Austria finally got today its first monument to the estimated 1,500 people executed by the Nazis for deserting or refusing to fight in World War II, 69 years after the conflict ended.
"Everybody should know that when it comes to a brutal and inhuman regime, it is honourable to follow one's conscience and do the right thing," President Heinz Fischer said as the flat, X-shaped memorial was inaugurated in central Vienna.
"Hitler's army was not our army," Fischer said at a ceremony attended by four aged former deserters, adding that the long-held view that such people were traitors is "something to apologise for and to be ashamed of".
The monument is a stone's throw from Heldenplatz ("Heroes' Square"), where in 1938 some 250,000 Austrians enthusiastically welcomed Hitler after the "annexation" of the Nazi dictator's native country by Germany.
Hundreds of thousands of Austrians served in Hitler's armed forces during the 1939-45 conflict, with around a quarter of a million perishing on the Eastern Front and the many other theatres of war.
Around 30,000 death sentences were passed in total on those who refused to fight or were caught deserting, 20,000 of which were carried out, including on some 1,500 from Austria, renamed "Ostmark" by Hitler.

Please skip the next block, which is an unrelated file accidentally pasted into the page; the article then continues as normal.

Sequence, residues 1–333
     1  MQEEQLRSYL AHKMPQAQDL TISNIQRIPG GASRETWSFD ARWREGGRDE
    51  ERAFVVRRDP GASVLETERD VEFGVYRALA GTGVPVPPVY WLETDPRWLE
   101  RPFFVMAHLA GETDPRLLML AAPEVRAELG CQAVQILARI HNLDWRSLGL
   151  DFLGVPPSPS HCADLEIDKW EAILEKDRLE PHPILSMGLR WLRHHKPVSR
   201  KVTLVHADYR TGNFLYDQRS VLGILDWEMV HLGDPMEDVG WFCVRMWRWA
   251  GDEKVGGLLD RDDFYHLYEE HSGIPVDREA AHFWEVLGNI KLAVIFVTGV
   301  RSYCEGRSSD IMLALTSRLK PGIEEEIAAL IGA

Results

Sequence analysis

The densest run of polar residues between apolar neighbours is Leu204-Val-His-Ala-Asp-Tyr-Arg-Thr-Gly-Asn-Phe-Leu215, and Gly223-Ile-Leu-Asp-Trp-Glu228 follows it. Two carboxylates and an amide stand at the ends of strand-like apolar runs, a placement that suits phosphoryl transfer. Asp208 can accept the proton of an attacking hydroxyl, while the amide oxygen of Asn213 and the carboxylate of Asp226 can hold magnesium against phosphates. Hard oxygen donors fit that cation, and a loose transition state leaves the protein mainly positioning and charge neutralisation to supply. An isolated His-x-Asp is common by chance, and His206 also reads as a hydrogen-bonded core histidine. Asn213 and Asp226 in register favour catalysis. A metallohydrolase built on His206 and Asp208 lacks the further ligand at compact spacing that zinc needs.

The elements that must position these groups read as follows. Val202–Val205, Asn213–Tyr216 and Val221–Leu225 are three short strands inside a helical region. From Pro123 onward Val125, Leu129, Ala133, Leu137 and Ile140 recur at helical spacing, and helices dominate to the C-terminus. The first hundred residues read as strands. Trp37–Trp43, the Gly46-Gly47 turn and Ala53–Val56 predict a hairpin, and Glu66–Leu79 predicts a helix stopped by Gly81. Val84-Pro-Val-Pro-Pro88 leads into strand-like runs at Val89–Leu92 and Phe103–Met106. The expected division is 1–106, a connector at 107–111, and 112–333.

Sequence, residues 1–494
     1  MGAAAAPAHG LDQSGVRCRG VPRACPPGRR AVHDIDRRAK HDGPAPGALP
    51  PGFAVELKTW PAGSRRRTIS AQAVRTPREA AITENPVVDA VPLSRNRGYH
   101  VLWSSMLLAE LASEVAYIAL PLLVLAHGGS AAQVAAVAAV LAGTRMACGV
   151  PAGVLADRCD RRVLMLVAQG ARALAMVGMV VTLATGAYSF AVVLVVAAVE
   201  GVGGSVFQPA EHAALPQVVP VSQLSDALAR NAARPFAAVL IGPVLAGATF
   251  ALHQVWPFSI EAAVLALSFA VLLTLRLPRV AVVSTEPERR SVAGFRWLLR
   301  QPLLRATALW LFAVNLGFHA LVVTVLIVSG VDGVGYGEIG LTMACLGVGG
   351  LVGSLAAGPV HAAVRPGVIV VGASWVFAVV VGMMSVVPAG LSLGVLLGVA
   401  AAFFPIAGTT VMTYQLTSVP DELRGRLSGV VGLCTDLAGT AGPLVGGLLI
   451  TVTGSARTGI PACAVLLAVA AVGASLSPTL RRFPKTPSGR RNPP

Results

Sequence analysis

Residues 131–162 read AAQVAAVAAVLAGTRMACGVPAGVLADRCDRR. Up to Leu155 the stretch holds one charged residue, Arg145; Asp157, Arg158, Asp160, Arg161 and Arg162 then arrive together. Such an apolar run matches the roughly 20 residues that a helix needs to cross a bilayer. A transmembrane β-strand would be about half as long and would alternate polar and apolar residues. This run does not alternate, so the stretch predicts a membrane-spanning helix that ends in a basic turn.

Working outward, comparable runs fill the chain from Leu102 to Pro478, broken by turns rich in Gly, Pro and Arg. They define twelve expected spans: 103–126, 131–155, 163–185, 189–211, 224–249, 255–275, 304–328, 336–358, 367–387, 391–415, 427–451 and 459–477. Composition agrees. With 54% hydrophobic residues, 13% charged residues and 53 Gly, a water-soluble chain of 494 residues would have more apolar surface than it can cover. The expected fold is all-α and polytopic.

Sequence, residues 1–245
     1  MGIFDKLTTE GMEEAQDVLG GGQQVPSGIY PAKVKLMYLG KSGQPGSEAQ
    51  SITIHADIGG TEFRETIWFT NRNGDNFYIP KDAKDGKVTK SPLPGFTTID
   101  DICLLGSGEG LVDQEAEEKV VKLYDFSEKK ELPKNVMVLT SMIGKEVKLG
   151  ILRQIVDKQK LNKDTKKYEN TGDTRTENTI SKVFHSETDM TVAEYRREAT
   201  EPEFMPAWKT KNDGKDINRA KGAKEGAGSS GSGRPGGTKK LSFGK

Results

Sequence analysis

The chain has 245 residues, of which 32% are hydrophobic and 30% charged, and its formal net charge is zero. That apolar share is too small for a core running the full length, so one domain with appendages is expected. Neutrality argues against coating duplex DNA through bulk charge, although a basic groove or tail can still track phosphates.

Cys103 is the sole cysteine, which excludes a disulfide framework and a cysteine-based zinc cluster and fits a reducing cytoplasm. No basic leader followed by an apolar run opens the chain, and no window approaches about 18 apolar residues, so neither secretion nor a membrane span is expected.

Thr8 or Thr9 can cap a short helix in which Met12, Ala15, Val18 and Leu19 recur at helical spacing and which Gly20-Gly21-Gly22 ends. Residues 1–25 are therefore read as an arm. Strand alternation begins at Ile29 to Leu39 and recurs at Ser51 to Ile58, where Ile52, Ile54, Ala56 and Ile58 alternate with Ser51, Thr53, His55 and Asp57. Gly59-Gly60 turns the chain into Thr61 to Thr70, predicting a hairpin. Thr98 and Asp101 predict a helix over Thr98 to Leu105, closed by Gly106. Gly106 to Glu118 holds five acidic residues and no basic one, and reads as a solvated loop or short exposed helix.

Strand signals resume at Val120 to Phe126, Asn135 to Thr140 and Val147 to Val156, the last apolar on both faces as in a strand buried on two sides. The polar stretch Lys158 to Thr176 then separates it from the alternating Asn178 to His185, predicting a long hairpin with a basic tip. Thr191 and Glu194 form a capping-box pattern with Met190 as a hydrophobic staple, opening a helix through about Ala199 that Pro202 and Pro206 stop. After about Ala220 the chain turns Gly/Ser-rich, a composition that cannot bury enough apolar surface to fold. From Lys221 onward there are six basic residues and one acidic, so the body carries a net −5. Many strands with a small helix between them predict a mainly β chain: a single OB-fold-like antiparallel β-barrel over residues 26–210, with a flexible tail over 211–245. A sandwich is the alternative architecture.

Although many top henchmen from the Fuehrer downwards were Austrians, for many years the small Alpine country was slow to acknowledge its shared responsibility for the Holocaust and the other crimes of the Nazis, historians say.
It took until 2009 - like in Germany - for Austria to quash all remaining convictions for refusing to fight, and it still remains behind its larger neighbour when it comes to remembering its dark past.
"Until very recently deserters were considered by many people as traitors, even as murderers of their comrades," historian Walter Manoschek from Vienna University told AFP.
"It was part of the double-speak in Austria, which after the war portrayed itself as 'the first victim of Nazism' while seeing those who resisted Hitler as traitors," Manoschek said.
Richard Wadani, 92, who deserted on the western front in 1944 and is now president of an organisation campaigning for victims of Nazi injustice, said the Third Reich was "a regime that morally one could not fight for".
"But it was easier after the war to point the finger at deserters instead of explaining to the vast majority of people who fought that they had been fooled," Wadani told.